Close to 120.000 children are using Lalilo every month. That’s 2x last June figure. At the time, metrics already spoke for themselves and teachers’ feedback confirmed it all. Kids love Lalilo and teachers love Lalilo for that: it helps them group students by level, work with a few while the rest of them keep learning on Lalilo.
“My students aren’t hanging by the lights now” said Terri, from Yardville Elementary School.
Lalilo doesn’t replace teachers, it supports them in providing more high-quality learning opportunities in class.
Evaluating Lalilo’s efficiency was made easy when speaking with Sandy who teaches near New York to students with learning disorders. They are aged 8 to 15, and they too love Lalilo because “the visuals aren’t juvenil and they feel positive about their progress”. If Lalilo’s adaptive learning method works with them, presumably it works for all, including children from non-native or disadvantaged backgrounds.
The company’s freemium model also provides great room for impact. Any teacher teaching in French or English can onboard its class for free and boost its students’ reading skills. Lalilo offers additional paying features to help teachers keep an eye on their students’ progress, anticipate dropouts and use the company’s speech recognition tool to evaluate reading proficiency.
The stakes around literacy are high, and looking on the bright side, the market looks more ready than ever. In France, Lalilo was selected by the Ministry of Education in September as one of the few solutions to develop and deploy AI solutions in public primary schools. In the United States circa 90% of schools are equipped with tablets and PCs. The market is more fragmented there, with close to 100,000 potential buyers at the district or school level, but the experience purchasing Edtech solutions locally is now high. And as teachers now have a growing say in those decisions, the teams’ product vision for students and teachers looks all the more convincing.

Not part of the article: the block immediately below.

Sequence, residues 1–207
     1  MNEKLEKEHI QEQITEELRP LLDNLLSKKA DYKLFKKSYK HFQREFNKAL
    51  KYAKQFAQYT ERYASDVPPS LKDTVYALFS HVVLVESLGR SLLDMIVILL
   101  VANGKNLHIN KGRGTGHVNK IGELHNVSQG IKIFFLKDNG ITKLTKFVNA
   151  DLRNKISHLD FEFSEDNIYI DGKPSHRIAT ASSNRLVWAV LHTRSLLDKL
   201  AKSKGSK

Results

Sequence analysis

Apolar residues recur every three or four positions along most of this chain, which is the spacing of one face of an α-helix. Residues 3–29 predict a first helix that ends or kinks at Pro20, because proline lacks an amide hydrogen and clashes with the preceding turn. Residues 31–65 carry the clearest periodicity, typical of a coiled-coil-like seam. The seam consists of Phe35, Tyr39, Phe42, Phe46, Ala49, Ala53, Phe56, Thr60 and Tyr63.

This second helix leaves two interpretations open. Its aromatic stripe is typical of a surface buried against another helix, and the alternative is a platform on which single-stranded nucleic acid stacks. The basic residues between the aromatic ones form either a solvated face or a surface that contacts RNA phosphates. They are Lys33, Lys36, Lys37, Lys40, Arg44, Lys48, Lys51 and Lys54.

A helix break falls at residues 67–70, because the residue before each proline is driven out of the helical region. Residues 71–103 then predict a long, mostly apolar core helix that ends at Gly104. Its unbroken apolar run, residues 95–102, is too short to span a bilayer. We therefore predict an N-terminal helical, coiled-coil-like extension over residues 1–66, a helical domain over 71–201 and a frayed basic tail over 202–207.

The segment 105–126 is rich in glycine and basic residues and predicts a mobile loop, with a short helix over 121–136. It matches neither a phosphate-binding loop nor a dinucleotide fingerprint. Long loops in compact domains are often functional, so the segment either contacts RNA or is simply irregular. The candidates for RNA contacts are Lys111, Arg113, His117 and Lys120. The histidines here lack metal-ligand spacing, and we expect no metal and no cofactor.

Lalilo is Citizen Capital’s early stage fund first investment. We couldn’t find a better fit to illustrate our vision of venture for impact and how mission-driven founders, building best-in-class products, with a strong alignment between business and impact can create major value. We are now looking forward to more children using Lalilo and to supporting the team in their mission to solve the literacy challenge for good.
Thank you to Frederic Oru, Baptiste Frelot, Ashley, Kelianne, Maggie, Marleah, Theresa, Melissa, Wendy, Zahira for your help, insights and feedbacks!
Working with Citizen Capital.
Citizen Capital backs mission-driven founders tackling major social and environmental concerns. We look for projects which have the potential to reshape our way of living, consuming or producing and fast track our transition towards a society which factors the needs of all within the limits of one planet.
If you’re an entrepreneur or an investor and believe there’s value in addressing what’s going wrong today, please reach out. We’d love to discuss.